I'm still bitter about Governor Easley getting down on his knees and begging Michael Dell to open a plant in Winston-Salem. I'm not against business, we need it, I love it, and I'm glad every time a new job is created here. However, the deal with Michael Dell was a deal from hell.
On the one side we saw billionaire Michael Dell, who heads up the WalMart of computer manufacturing, and is a non-stop money machine for the Republican Party, twist the arm of Gov. Easley with the promise of 1,500 jobs for a part of the state that was relatively prosperous. On the other side we saw Governor Easley give the billionaire from Austin $240mm in tax breaks with the promise that Dell could fire up to 40% of the people he hired and still get the payola.
The whole deal left a bad taste in my mouth.
However, I'm in support of Gov. Easley's courtship with Google, and let me tell you why.
* The tax breaks being offered are $4.7mm for 210 new jobs which works out to $22,380 per job, as opposed to the obscene $160,000 per job given to Michael Dell (if he hired and retained all 1,500 people.)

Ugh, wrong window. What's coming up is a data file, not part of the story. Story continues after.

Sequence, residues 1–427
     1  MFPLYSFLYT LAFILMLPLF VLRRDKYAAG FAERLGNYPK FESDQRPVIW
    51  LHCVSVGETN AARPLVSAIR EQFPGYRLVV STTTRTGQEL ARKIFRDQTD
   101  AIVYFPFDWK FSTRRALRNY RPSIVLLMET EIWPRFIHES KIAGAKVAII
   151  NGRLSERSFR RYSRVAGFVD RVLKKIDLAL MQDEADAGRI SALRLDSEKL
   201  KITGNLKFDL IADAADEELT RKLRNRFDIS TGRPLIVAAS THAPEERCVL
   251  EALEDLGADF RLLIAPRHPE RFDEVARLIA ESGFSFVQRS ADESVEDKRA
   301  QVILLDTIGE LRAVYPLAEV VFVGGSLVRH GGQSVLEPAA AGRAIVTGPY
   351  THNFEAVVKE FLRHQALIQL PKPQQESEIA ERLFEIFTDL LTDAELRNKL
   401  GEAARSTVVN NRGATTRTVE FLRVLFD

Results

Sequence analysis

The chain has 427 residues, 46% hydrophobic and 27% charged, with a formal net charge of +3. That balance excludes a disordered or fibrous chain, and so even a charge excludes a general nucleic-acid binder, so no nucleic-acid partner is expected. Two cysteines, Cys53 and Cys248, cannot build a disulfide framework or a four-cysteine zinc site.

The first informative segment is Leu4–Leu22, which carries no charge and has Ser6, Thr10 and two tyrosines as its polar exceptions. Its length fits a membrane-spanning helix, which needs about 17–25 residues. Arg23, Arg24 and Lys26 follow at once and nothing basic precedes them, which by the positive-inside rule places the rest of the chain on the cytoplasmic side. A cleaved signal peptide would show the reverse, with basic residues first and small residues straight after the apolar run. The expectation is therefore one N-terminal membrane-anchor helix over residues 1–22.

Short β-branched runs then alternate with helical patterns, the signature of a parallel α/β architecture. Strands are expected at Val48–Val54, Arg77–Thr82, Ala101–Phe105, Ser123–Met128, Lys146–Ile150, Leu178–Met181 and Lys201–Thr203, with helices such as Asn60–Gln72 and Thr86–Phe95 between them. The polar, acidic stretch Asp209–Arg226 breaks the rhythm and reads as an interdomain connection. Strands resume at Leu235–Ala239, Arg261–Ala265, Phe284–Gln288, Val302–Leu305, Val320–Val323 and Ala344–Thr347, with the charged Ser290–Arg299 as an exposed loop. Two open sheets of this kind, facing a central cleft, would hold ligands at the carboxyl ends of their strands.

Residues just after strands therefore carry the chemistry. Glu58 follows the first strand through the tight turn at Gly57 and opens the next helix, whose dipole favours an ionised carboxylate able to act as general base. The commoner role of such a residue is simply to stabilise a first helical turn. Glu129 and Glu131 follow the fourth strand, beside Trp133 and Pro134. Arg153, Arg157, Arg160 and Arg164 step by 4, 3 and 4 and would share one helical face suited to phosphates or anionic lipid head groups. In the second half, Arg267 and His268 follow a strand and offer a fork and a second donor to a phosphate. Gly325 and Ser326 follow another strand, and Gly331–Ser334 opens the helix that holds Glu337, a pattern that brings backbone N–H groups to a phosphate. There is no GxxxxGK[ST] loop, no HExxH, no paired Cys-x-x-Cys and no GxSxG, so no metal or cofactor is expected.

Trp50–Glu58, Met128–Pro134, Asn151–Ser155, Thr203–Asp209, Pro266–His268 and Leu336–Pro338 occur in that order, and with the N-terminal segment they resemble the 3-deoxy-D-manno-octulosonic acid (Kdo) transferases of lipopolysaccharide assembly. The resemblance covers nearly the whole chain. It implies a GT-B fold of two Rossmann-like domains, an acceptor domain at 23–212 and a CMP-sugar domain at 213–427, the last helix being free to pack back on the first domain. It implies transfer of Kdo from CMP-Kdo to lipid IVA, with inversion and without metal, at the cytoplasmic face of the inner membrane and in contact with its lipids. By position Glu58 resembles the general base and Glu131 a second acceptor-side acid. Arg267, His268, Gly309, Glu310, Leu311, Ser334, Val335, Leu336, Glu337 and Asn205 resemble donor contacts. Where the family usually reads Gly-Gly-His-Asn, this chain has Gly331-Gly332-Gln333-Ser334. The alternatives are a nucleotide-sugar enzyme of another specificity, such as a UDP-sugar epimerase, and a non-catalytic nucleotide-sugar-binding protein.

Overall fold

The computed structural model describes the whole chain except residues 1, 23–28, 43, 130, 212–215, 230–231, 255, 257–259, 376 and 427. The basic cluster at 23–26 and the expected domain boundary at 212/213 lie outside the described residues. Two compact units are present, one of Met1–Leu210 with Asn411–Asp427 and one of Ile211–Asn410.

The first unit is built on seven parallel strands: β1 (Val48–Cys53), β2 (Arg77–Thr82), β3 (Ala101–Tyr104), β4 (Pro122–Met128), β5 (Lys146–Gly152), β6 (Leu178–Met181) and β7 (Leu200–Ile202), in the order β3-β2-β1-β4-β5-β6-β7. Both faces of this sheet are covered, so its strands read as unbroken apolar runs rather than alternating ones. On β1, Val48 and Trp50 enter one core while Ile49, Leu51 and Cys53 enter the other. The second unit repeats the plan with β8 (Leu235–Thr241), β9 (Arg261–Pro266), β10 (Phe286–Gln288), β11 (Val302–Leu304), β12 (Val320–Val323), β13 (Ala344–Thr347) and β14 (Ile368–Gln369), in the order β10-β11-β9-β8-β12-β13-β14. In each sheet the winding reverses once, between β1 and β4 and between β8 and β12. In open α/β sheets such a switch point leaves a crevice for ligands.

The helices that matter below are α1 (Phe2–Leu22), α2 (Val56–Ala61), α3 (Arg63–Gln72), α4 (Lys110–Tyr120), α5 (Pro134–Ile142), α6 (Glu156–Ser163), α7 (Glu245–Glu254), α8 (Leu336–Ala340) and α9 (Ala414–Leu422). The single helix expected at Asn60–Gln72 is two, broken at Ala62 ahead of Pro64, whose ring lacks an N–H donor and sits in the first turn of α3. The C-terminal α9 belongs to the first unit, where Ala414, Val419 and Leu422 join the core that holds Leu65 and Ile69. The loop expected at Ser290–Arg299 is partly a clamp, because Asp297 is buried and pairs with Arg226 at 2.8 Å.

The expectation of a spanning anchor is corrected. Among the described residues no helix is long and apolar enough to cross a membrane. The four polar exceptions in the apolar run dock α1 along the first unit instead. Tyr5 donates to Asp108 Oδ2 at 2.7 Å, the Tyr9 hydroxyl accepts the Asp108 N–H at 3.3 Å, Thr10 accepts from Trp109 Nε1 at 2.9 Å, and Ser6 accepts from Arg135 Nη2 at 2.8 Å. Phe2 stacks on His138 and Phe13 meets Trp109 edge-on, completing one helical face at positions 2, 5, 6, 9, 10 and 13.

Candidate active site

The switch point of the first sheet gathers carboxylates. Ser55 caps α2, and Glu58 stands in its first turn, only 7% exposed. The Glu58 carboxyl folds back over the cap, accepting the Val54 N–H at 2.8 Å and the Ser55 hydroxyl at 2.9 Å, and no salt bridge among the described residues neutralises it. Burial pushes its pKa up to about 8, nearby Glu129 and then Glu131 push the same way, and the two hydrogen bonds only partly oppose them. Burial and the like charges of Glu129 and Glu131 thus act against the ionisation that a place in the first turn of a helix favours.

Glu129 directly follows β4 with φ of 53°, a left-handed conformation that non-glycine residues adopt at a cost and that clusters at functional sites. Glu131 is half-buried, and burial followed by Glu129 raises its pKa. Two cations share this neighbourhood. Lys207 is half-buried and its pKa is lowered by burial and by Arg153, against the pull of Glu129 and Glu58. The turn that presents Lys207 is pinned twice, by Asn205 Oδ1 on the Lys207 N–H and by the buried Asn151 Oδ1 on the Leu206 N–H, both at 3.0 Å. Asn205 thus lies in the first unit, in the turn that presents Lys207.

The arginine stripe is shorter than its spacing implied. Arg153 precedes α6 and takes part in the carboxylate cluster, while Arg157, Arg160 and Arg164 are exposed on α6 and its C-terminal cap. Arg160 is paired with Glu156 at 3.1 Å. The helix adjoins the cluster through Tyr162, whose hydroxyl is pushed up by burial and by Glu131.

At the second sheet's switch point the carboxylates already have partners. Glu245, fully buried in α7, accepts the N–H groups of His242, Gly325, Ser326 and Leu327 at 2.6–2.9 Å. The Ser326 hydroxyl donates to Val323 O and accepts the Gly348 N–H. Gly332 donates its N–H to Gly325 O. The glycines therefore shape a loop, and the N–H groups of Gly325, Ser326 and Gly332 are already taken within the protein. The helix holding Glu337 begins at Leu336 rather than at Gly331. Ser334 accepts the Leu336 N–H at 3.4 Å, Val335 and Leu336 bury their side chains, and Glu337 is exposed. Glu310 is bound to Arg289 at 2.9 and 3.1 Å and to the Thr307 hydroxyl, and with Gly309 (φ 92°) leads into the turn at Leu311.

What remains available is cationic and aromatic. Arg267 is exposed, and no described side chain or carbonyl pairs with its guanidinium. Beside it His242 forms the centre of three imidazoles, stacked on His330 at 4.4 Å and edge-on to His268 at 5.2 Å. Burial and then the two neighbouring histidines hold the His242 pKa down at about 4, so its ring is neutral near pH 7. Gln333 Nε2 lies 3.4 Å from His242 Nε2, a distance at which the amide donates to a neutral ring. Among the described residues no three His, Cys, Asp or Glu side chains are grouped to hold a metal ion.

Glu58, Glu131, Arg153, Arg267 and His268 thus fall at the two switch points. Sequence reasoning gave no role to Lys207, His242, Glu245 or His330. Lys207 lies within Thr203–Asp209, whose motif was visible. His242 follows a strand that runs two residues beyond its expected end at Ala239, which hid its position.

* The site being proposed in Caldwell County is hurting economically and has been heavily impacted by the closure of two textile plants.
* Sergey Brin and Larry Page founded a company world famous for treating its workers well, and Google gives generously to the Democratic Party (See the Republicans whine here.)
With all of that said, it's far from a sure thing that Google will come to North Carolina, and for those that are interested there's a blog at Daily Tech with plenty of insight on the issue.
However, let's assume for a moment that Google does open up a server farm in Caldwell County. Then let's hope that the governor does one additional good thing with the $137,620 per job we will have saved compared to the mugging we took from Michael Dell. It would be nice if some of that capital could be used to retrain many of those textile workers who are now jobless in Caldwell County. As much as I love Google, I'd hate to see their facility become nothing more than a magnet for workers living elsewhere who would follow Google where ever it might go.